Liverpool began the defence of their Champions League title with a disappointing defeat at Napoli, 2-0 the scoreline after two late goals.
Napoli 2-0 Liverpool
Champions League, Stadio San Paolo
September 17, 2019
Goals: Mertens pen 81′, Llorente 90+1′
Misfiring Front Three
It has often been the case that Liverpool’s front three have been the big asset, the game-changing variable for turning draws into wins.
On a warm evening in Naples, however, the holy trinity of Sadio Mane, Roberto Firmino and Mohamed Salah simply couldn’t get their game together for large stretches, often individually and certainly when trying to play in tandem.
For Firmino it was a particularly poor evening, with the gap between his weekend display and this one a similar drop-off to that seen when Divock Origi starts instead of the mercurial Brazilian.
Origi’s absence poses its own set of questions, meanwhile; Rhian Brewster has thus far been denied a long runout with the under-23s, subbed off when news of Origi’s demise filtered through, and a UEFA Youth League outing.
Instead, he’s boarded a flight and undertaken another training session or two, and wasn’t even on the bench here.
Salah was probably the best of the bunch, going close on two occasions, while Mane’s endeavour was non-stop, but his final ball dreadfully lacking.
The strikers can’t always be the difference, and once more there was little evidence that anybody else was going to do so.
Lesser-Hailed Defensive Stalwarts
Often the centre-backs get the plaudits for Liverpool, whether it’s Van Dijk’s limitless leadership, Gomez’s emergence or Matip’s consistency.
In the first half, the young right-back made two particularly excellent interceptions, vital ones inside the penalty box which owed as much to his alertness and concentration as to his turn of pace.
Covering across from his side of the area, Trent swept up dangerous balls into the area, the second occasion beating two men to win a free-kick and relieving the pressure on the Reds’ defence.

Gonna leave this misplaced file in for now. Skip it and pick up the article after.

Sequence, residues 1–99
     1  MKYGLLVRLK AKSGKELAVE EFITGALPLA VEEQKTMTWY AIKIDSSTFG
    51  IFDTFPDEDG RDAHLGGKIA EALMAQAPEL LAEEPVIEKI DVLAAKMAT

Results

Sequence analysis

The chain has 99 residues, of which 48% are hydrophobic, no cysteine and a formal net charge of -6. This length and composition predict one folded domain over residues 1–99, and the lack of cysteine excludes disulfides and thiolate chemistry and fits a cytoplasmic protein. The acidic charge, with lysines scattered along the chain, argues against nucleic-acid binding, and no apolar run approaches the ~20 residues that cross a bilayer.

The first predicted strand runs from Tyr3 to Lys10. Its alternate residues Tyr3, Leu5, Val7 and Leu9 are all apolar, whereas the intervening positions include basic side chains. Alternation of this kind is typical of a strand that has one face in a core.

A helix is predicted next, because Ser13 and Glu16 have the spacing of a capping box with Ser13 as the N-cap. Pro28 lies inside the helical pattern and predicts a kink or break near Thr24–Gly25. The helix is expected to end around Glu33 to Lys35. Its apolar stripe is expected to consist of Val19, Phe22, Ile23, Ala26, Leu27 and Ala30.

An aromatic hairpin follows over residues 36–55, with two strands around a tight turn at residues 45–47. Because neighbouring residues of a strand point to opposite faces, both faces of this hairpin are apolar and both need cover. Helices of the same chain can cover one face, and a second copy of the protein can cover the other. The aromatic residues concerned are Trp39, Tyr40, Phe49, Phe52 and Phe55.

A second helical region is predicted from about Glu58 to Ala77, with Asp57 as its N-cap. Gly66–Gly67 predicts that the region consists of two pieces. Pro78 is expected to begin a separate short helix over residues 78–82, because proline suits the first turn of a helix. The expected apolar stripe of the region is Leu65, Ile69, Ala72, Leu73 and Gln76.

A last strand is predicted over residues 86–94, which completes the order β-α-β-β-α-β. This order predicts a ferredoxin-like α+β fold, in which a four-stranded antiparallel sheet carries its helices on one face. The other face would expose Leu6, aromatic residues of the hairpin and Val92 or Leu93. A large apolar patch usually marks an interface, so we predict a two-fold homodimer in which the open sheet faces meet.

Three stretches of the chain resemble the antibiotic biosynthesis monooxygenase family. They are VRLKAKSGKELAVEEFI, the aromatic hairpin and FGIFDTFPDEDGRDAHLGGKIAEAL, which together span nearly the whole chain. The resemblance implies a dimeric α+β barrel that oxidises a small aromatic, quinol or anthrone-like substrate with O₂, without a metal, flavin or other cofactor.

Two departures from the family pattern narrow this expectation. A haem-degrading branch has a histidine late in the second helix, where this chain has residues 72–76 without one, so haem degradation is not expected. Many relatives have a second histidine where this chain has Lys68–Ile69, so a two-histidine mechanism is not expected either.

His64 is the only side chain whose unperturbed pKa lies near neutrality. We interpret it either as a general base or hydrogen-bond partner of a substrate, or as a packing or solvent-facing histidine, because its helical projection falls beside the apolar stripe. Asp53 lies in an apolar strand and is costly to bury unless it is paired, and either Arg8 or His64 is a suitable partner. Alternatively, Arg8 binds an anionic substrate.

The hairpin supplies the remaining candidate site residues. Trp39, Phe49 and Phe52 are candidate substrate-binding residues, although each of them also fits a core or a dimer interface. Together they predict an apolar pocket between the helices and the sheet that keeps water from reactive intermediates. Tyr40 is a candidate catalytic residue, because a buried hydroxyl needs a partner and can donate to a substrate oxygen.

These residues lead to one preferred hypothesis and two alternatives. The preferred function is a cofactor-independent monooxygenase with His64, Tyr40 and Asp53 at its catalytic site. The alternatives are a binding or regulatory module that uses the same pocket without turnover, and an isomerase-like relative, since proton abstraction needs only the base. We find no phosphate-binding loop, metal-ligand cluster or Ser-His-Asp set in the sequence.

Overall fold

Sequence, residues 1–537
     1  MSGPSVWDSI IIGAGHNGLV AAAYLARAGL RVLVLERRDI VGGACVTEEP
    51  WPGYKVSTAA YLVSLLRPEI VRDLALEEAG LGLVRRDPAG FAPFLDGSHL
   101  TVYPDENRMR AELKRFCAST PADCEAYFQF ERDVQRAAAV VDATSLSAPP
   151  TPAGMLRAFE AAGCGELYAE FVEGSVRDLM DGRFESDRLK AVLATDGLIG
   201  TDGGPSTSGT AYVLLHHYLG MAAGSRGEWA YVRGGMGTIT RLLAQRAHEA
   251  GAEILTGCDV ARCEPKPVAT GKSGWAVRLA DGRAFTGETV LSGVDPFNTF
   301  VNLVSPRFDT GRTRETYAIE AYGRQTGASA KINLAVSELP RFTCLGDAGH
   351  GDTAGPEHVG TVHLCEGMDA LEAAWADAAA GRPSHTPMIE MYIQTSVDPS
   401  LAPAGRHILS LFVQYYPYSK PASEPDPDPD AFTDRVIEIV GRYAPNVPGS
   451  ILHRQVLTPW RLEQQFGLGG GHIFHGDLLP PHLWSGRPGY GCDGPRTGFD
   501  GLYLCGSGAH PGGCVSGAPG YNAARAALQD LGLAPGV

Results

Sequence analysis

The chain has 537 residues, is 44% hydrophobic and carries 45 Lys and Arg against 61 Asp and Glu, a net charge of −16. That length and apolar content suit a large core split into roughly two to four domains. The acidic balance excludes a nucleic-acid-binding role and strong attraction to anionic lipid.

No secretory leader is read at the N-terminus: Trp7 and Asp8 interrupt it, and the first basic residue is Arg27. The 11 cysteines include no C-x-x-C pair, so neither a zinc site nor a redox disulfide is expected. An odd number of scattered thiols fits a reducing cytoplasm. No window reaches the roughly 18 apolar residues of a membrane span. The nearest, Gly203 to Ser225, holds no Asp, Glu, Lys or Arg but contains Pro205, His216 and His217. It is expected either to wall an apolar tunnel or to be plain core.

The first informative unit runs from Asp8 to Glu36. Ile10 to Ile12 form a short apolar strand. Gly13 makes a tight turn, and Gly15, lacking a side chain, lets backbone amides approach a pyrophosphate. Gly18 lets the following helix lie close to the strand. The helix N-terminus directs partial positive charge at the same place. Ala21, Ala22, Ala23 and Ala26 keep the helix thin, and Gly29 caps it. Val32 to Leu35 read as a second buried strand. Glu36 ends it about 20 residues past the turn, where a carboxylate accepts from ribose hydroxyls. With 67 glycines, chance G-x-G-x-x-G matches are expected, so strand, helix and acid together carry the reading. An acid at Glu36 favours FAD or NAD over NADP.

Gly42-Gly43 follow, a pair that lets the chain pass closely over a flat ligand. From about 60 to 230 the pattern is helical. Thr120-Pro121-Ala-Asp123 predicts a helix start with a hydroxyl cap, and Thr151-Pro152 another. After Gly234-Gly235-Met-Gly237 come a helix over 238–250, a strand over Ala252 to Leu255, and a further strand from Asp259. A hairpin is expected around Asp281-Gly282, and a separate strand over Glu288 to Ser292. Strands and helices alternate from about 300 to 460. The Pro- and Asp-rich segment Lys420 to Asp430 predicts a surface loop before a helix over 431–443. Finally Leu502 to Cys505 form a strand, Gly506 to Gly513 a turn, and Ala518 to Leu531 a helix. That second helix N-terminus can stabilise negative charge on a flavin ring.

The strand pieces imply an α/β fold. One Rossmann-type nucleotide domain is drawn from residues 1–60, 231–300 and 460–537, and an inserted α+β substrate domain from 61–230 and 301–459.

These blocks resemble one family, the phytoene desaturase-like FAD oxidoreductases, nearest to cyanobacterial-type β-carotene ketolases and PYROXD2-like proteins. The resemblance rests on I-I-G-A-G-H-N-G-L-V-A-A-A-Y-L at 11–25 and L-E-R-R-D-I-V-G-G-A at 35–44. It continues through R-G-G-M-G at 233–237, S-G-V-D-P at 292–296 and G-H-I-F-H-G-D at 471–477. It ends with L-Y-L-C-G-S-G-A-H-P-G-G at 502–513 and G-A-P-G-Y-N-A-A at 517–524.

More spectacularly, goalkeeper Adrian came to the rescue with an absolutely cracking second-half save.
Dries Mertens has been in great form this season, but his close-range aerial finish was brilliantly clawed away by the Spanish stopper, showing good wrist strength as well as anticipation and desire.
Nothing whatsoever he could do about Napoli’s goals, and was unfortunate to not save the spot-kick.
Cast our minds back 11 and 12 months and it was a familiar feeling in away European matches: poor results, lacklustre in attack.
The performance here was, for 80 minutes, certainly better than we saw at Napoli or Red Star Belgrade in 2018/19. The passing was good in the middle third for stretches, the crowd was quietened in spells.
But it’s still another away defeat in Europe, a fourth away loss in group games.
A response will be demanded in the next two away games, but before that, a victory at home to Salzburg is a must in the next Champions League match.
Three from three at home will, once again, be vital.
Fabinho, the Dominant Force
From the first whistle, we once again saw an exemplary display in midfield control from Fabinho.
Liverpool’s No. 3 was incessant with his chasing the ball down, making tackles and cleverly switching play in a different direction, keeping the Napoli centre chasing.
It’s as well he was so impressive, because he got less and less help as the match went on—Henderson started well but faded badly, while Milner was simply run ragged, unable to stop the quick passing in the home team and rarely close enough to make a good challenge.
Fabinho‘s manipulation of the ball was probably among the Reds’ contingent, certainly in terms of frequency and accuracy and, in a more subjective setting, in terms of intelligence.
Needs more help. Gini Wijnaldum, perhaps, was missed.
Poor Start, but Onward and Upward
After Andy Robertson almost missed the game through a minor knock, and then proceeded to put in a quiet—and ultimately telling, in a negative sense—performance, there must be a question over whether he’s ready to go again against Chelsea at the weekend.
They also lost on Tuesday night, but are bright and enterprising in attack on home soil—we can’t be carrying passengers and still expect to continue our 100 percent record.
Worryingly, there’s nobody to specifically fill the void in Robertson’s style, so a change in approach might well be on the cards at Stamford Bridge.
In the longer term, Salzburg’s rout of Genk sets up the group hierarchy and will raise expectations and optimism when they come to Anfield next, so there’s no room for another poor showing.
Don’t be too down about this defeat; Liverpool played the game more or less right, just got the ending wrong this time.
We had to lose at some point this season, and it’s as well being the first group game when we should easily go through, as a Premier League game which could cost us dearly in the title race.
Straight back at it this weekend, with our shooting boots on this time!